What’s your Appropedia story?

What brought you to Appropedia? What did you find, and what difference did it make for you?

We'd love to hear your stories, short or long, about how you used Appropedia. Please take a moment to add a comment at the end of this post, to tell us about your experience. Whether you learned something, or were inspired, or found what you needed for your project, or contribute your knowledge about making the world better in one particular way - let us know what Appropedia means to you. Even a single line is valuable feedback, and appreciated.

You can share your story as a comment below, or add it to our Appropedia:Stories page on Appropedia itself - and you can read other stories there, as well . You can also share on this Appropedia Facebook post.

We hope to re-share these stories to inspire others, so comments left here are accepted under the same Attribution ShareAlike license used by Appropedia. Many thanks - and we look forward to hearing your story!

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Humboldt Sustainable Future

Last Wednesday, I had the honor of presenting on the future of Humboldt (Northern California) Sustainability for the Humboldt Bay Center for Sustainable Living and the Redwood Coast Energy Authority. The presentation was part of a growing movement of community wide sustainability and hopes to catalyze a series of large-scale open space technology style meetings.

This clip starts a few minutes into the presentation, just after I describe that the presentation was made with the help of many local and over-the-internet colleagues. Click the info button to access the introduction (part 1).


Thanks to StreamGuys for providing excellent streaming services.

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Collaboration Fail

David Stairs of the Design Altruism Project argues that many collaborations aren't actually collaborative. In a sobering post, he notes that people want to set up a project to be the hub for collaboration in their field... often without checking who's doing the same thing, or even using the same name. We've observed similar behavior.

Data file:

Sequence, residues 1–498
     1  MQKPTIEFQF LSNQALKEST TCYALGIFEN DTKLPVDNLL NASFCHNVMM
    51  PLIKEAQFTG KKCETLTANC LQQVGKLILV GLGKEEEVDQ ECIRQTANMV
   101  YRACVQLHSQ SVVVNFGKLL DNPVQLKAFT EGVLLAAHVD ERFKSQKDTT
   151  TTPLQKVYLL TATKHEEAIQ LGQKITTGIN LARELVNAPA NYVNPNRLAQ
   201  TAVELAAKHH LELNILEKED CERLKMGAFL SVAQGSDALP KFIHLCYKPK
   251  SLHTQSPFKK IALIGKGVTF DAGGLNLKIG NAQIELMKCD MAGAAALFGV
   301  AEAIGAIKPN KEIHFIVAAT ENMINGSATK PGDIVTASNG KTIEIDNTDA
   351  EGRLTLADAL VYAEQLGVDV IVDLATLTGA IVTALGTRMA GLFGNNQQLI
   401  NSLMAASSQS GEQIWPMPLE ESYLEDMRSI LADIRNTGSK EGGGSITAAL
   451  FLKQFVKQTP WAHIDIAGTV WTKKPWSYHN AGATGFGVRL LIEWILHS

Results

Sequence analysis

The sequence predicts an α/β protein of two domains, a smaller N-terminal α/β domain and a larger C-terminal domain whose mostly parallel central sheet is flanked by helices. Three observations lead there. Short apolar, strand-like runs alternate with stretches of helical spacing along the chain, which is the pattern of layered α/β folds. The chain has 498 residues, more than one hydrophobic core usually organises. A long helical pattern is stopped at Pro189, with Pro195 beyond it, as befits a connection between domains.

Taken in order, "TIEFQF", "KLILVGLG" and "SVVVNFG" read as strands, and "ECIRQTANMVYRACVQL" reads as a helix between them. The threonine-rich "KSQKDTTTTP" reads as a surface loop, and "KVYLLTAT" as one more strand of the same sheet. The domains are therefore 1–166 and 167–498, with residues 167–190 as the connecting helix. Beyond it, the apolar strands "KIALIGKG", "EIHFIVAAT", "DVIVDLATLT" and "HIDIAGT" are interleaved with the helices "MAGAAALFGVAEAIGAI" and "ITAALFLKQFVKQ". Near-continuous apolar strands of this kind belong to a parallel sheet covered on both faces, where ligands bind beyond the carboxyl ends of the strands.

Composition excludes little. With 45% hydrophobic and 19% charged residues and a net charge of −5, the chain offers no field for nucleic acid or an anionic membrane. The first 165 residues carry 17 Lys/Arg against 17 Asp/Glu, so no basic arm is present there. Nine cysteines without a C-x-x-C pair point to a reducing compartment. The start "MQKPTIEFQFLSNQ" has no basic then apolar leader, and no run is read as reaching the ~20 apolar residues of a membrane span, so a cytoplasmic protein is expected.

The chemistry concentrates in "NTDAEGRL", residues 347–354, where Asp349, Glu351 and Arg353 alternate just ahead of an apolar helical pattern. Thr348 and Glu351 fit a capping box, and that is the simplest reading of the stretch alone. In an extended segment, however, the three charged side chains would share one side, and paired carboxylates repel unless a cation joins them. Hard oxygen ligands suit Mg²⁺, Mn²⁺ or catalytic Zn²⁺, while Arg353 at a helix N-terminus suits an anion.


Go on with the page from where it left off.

Partly it's about wanting to be at the center of things - and that's natural. And partly it's about not realizing just how much work is involved in making an online community. I'm not sure what the solution is. One possibility is the Wikipedia experience: perhaps what happened with Wikipedia is that it was a single project which gained a good reputation, gave a good experience to many contributors, was a clear concept to grasp (a free encyclopedia), and a broad enough scope to be of interest to many, many people.

This hasn't happened to the same degree in architecture, design or sustainability, though we've made good progress on Appropedia - especially as we've come from a number of different projects and chosen to collaborate rather than compete.

Another key element in collaboration is a recognition of our limits. As Wes Janz noted (quoted in the same blog post)

"…And, you know, it’s all good, an orphanage in Sri Lanka, house inspections in Mississippi post-Katrina, a community center in Kenya… But I just got sick of it and had this idea that you should change the name of DWB to Designers With Borders. As in, maybe there should be some boundaries, some active awarenesses that we are unqualified, or unfit, or unable to work borderlessly."

Not that we need to be changing names - just recognizing our limits. I can't recall who said it, but it is our weaknesses that make us great, not our strengths, for our weaknesses lead us to work with others and create something greater than ourselves.

Pardon this meditation on failure. There are many encouraging successes to dwell on, support, and learn from, and we'll continue to do that. A cautious recognition of where things go badly pear-shaped is one side of the coin of success, and we do well to keep both in mind.

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